10. A recent real property search shows that Winter holds no real estate in New South Wales in his own name. However, a real property search carried out in Queensland shows that Winter is the registered proprietor of one property in Noosa Heads. This property is currently shown as being under mortgage to Barclays Australia (Finance) Limited. The property cost $70,000 and the mortgage was for $63,000. It is important to note that at this point in time, there is no information to hand, except that relating to the Noosa property, and private company shares in respect of assets including bank accounts in Winter's own name. This lack of knowledge rules out consideration of applying for a Mareva Injunction. Winter's modus operandi, however, does not provide for his holding assets in his own name and it is apparent that he makes extensive use of credit cards. In these circumstances it may well be that apart from the Noosa property and private company shares there are no such assets.

11. Companies associated or believed to be associated with Winter do hold or have recently held real estate. There is Inhuse Pty Ltd already mentioned in connection with the Jindabyne property. There is another company, Arrenba Pty Ltd which, according to a recent real property search, holds six properties in New South Wales. Arrenba Pty Ltd is a company incorporated in South Australia and the latest return giving details of directors and shareholders lodged with the N.S.W. Corporate Affairs Commission lodged 9 October 1981 shows Winter's mother and sister as directors and shareholders. However, under cross-examination in the Mareva Injunction case, Winter stated that his shares in Arrenba Pty Ltd were transferred to either his sister or mother some 2-3 months ago. Details of the six properties are as follows:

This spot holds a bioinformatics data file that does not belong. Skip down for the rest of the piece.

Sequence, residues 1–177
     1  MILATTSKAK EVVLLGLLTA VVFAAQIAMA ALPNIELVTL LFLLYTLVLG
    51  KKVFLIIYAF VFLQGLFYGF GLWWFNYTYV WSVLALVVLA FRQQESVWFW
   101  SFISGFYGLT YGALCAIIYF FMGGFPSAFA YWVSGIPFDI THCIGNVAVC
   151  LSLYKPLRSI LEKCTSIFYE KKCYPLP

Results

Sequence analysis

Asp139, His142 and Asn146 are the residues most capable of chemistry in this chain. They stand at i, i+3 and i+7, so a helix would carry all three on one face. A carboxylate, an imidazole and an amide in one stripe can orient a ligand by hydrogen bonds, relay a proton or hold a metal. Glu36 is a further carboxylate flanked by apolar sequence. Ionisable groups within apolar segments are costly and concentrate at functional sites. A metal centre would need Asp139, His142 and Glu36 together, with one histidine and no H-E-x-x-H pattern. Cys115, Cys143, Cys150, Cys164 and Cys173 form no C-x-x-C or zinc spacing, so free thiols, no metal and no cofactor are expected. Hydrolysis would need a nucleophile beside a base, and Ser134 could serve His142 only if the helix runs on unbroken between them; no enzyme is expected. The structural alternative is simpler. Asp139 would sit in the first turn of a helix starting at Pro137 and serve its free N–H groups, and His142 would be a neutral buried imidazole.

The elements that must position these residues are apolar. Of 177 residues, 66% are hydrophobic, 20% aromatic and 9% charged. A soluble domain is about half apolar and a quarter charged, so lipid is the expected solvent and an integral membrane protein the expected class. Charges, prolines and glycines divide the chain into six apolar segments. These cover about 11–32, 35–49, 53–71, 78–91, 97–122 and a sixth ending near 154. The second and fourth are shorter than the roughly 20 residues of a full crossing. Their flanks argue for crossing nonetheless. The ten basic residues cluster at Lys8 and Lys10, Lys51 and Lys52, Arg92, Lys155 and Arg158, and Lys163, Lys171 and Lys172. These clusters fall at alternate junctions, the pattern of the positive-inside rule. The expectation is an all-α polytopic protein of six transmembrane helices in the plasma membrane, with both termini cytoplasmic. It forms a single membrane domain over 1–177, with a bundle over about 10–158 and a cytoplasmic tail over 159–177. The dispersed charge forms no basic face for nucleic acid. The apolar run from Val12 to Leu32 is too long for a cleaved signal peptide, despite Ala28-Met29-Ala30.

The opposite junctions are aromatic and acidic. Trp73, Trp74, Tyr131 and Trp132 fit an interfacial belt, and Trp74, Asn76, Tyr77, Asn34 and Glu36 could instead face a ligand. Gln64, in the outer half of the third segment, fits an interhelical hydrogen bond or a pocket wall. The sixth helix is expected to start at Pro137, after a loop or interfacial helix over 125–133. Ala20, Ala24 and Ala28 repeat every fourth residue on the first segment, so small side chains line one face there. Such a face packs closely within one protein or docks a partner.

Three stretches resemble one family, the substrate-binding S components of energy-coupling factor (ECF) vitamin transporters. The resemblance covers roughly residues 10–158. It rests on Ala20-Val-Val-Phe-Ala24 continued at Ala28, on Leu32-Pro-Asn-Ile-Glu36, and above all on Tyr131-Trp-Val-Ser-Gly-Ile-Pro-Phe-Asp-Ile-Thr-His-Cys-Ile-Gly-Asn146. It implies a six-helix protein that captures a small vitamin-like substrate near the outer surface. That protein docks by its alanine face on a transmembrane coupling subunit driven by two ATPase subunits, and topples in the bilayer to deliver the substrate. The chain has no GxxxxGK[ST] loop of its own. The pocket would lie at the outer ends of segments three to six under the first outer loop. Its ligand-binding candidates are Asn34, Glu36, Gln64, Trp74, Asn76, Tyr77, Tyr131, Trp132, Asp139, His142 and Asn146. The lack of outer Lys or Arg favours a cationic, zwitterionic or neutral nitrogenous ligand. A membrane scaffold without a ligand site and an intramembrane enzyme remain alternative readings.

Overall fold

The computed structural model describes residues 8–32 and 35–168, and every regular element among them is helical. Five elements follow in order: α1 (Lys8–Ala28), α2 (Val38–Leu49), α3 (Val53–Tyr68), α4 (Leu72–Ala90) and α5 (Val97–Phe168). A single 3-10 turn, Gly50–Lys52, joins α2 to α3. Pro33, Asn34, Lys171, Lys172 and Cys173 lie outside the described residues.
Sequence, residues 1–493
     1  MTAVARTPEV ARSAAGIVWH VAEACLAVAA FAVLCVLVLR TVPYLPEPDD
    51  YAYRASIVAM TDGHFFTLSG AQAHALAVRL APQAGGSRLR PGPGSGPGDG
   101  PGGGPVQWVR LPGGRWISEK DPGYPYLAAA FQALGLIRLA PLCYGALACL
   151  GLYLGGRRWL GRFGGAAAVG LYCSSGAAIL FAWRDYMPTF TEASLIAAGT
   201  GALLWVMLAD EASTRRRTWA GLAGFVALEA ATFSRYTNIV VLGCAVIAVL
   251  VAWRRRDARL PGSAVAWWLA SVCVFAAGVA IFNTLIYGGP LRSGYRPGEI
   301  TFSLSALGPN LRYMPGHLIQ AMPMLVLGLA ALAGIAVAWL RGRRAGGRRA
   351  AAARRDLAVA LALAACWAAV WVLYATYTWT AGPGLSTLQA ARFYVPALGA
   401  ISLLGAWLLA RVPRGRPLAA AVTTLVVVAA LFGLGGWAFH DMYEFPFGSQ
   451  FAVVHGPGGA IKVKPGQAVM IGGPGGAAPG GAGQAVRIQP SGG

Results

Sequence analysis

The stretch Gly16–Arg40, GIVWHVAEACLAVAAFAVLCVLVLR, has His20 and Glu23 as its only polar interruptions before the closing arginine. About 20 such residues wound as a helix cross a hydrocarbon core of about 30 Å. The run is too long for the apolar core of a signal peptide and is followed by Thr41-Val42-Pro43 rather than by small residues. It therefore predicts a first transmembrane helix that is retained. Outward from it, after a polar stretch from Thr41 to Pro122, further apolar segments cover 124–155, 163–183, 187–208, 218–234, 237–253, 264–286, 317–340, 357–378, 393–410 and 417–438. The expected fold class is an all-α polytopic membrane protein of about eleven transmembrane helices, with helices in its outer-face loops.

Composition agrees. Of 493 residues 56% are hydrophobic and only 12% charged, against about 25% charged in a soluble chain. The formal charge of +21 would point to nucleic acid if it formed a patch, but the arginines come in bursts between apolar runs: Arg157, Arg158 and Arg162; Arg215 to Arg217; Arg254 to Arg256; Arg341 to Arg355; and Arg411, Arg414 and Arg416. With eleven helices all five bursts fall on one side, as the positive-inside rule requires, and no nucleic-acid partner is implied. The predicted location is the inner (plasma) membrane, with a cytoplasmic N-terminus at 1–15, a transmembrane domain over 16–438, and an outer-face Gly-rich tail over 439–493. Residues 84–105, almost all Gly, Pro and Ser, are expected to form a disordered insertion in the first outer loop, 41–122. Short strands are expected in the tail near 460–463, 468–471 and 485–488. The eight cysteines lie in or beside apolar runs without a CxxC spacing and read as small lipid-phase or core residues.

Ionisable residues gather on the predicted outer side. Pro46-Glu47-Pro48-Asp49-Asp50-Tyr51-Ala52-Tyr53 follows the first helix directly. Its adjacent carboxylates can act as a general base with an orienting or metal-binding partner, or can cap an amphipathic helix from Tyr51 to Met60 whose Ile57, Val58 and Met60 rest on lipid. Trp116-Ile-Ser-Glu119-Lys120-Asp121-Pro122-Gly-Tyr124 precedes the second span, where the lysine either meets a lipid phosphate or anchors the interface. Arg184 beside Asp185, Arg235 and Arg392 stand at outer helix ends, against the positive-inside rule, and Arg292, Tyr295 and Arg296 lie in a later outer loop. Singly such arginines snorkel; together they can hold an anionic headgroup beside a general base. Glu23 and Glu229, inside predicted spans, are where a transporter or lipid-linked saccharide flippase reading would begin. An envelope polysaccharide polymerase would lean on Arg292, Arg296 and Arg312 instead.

• (a) 23 Prospect Street, Waverley.
  • This property was acquired by Arrenba Pty Ltd on 1 July 1977 and was Winter's former matrimonial home. There is no mortgage but the property is subject to a caveat by his former spouse pursuant to a claim under the Family Law Act 1975.
  • (b)-(d) Three strata titles in the one strata plan at North Entrance, Wyong NSW.
  • The properties were acquired in July and August 1981 for an aggregate purchase price of $128,500. Originally, the properties were mortgaged to Westpac for $153,000. This mortgage was discharged on 6 February 1984 and

    ATC 4663

    replaced by another whose terms were not recorded.
  • (e)-(f) Two strata titles in the one strata plan at North Sydney which are office suites.
  • The properties were acquired on 29 October 1981 for an aggregate purchase consideration of $620,000. The properties are subject to a mortgage to National Mutual in the sum of $415,000.

13. A third company of which Winter is currently a director and shareholder is Inhara Pty Ltd. This company is the registered proprietor of property in Raymond Street, Bankstown. It has also been noted that a number of units in a Strata Plan at Terrigal Kincumber which were originally owned by Inhuse Pty Ltd were at various times during the 1982 calendar year sold to Klepike Pty Ltd. The shareholders of the latter mentioned company are Rita and Olga Winter, Winter's sister and mother respectively.

14. Further inquiries in respect of Inhuse Pty Ltd, Arrenba Pty Ltd, Inhara Pty Ltd and other companies are continuing.


15. Whilst there is not any definite evidence that Winter intends to leave Australia permanently or indefinitely inferences to be drawn from the facts justify the making of a Departure Prohibition Order, see below: -

  • (a) Winter will have a taxation liability to the order of $1.36 million.
  • (b) Substantial profits in relation to the Jet Aircraft scheme were apparently realised offshore.